Smile detection using OpenCV + Designing a ROS node

An implementation of smile detection using OpenCV, cv_bridge, ROS and Python is available in full at the bottom of this post.

I’ve been developing in ROS for awhile now, and I’ve settled into a pattern for creating nodes that I find works really well for me. It has three components:

  1. Create a single class that encapsulates the entirety of what the node is supposed to do
  2. All subscriber callbacks are restricted to saving the content of the message to a member variable to hold until ready to be processed
  3. Have a run function in the code that is the main ROS loop, and calls the update functions to process data

Functionally, it looks like this:
(I’m using FaceFinder as an example)

Note that the image callback doesn’t actually do anything with the data. It just converts it to a numpy array, and saves it to self.frame. The advantage of this method is that it gives you more granular control over how the ROS node runs by breaking out the functionality of rospy.Spin() into a separate run function that manually calls updates.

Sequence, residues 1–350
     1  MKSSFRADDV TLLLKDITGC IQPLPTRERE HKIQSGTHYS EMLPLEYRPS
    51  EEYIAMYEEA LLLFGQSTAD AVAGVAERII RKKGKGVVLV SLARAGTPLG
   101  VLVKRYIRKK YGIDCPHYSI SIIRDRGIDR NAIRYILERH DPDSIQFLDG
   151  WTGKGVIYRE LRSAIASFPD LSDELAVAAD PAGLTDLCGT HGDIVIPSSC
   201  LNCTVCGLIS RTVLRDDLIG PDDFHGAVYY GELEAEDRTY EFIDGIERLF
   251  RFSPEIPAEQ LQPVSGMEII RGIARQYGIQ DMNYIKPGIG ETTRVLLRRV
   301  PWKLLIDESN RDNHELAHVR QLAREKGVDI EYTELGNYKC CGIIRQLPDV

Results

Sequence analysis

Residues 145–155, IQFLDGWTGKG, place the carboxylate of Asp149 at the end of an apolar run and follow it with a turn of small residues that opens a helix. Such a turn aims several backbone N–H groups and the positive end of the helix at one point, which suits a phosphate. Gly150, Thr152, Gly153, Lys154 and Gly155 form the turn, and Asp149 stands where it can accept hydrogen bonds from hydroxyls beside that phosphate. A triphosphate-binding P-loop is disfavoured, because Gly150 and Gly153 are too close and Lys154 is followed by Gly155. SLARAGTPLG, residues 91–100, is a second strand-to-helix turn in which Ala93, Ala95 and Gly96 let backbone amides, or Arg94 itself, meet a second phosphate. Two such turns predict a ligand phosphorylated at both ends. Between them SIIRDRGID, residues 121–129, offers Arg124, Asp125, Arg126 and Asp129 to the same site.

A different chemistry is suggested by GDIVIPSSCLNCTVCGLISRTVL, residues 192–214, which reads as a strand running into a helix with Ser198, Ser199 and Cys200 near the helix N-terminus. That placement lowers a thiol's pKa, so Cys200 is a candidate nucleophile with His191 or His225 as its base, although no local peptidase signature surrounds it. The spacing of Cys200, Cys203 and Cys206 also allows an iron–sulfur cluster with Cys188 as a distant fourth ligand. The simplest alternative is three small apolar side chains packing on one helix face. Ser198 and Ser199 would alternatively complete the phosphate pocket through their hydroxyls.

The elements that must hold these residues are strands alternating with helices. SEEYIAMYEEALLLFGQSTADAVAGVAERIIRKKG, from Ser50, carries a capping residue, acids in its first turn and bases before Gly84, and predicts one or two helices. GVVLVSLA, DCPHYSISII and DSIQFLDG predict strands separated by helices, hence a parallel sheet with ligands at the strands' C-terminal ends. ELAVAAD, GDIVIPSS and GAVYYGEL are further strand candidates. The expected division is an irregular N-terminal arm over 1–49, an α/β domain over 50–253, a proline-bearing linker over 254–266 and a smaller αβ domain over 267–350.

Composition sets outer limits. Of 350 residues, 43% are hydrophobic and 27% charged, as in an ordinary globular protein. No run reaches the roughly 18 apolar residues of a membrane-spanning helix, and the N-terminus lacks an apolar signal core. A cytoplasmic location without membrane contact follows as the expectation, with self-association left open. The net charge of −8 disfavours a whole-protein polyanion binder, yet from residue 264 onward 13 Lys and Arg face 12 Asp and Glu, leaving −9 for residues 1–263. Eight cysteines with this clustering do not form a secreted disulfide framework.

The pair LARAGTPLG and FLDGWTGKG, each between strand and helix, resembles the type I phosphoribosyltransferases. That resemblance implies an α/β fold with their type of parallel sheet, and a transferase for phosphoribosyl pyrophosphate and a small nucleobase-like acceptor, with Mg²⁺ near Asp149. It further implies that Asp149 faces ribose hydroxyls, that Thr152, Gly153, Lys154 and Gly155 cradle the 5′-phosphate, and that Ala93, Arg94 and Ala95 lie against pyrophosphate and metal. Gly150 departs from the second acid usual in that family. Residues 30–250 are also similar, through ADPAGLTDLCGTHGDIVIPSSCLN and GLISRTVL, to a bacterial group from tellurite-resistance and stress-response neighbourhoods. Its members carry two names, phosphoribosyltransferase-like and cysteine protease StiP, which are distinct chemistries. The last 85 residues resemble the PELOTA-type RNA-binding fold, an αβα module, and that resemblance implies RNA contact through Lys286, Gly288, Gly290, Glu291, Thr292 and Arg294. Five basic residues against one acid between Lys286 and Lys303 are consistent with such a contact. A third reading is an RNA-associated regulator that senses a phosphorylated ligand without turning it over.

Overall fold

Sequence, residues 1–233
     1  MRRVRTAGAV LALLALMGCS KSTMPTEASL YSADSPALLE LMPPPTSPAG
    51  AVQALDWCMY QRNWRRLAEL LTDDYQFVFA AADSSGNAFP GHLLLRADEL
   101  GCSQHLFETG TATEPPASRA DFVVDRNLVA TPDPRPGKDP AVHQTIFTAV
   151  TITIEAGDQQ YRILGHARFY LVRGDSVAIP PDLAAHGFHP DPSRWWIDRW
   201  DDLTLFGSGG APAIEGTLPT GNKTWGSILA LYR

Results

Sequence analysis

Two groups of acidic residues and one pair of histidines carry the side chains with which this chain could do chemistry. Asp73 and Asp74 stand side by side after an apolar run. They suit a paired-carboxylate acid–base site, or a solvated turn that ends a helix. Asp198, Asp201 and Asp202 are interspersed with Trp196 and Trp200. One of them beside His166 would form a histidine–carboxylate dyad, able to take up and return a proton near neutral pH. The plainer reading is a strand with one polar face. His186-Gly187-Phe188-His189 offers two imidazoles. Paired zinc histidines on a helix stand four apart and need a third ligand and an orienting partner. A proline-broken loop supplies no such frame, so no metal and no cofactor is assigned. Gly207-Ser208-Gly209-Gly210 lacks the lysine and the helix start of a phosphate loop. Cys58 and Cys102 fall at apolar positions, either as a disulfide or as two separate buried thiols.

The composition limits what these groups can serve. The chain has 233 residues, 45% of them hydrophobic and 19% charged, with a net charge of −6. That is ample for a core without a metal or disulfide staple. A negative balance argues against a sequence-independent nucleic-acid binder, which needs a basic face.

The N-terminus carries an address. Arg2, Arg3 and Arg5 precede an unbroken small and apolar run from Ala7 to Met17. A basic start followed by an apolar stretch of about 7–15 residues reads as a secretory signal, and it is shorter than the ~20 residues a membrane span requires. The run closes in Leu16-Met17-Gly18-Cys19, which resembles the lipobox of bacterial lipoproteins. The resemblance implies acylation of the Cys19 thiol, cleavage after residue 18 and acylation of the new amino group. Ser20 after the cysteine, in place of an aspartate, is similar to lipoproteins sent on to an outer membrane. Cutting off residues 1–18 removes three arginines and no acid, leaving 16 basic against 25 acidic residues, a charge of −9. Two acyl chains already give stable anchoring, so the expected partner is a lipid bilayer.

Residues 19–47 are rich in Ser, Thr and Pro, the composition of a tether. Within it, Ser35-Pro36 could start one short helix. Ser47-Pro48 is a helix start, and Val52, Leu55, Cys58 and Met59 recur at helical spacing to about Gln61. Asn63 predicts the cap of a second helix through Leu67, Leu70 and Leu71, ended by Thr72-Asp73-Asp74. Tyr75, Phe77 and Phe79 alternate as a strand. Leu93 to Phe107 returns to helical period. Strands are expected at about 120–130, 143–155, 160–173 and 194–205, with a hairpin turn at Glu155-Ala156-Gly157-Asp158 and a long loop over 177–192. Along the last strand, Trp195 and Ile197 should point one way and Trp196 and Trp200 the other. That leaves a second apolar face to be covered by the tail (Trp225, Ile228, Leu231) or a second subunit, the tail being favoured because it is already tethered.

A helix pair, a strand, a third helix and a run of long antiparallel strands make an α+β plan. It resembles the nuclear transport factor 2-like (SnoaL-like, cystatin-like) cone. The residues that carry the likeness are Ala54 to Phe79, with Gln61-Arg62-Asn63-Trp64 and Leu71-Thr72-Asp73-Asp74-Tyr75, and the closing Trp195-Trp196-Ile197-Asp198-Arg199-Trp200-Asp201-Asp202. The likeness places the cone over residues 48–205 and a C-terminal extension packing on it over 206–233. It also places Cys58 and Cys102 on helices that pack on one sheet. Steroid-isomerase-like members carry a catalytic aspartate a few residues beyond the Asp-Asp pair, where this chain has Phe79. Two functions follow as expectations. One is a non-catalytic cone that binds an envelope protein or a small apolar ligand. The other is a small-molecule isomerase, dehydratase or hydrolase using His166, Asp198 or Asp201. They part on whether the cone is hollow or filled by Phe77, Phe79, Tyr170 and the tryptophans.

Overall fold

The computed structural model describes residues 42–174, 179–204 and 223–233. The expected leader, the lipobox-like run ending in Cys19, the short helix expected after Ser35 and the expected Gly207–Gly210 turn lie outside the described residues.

Additionally, subscriber callbacks in ROS should almost always be simple functions that set flags or store data — not a complex long running function. Those are better suited for a more controlled environment because callbacks are… well, called numerous times based on the frequency of the messages received. As such, they can’t really afford to take their sweet time doing calculations.

Anyhow, adding smile detection functionality is a matter of loading the correct haar cascades and hooking up cv_bridge to do the conversion between sensor_msgs/Image to the OpenCV numpy arrays. As a word of warning — I haven’t actually tested this code live… However, I’m like 99% sure that it will work given the fact that I’ve recreated this exact setup many, many times already over all my different robotics projects. šŸ˜›

– Sophie

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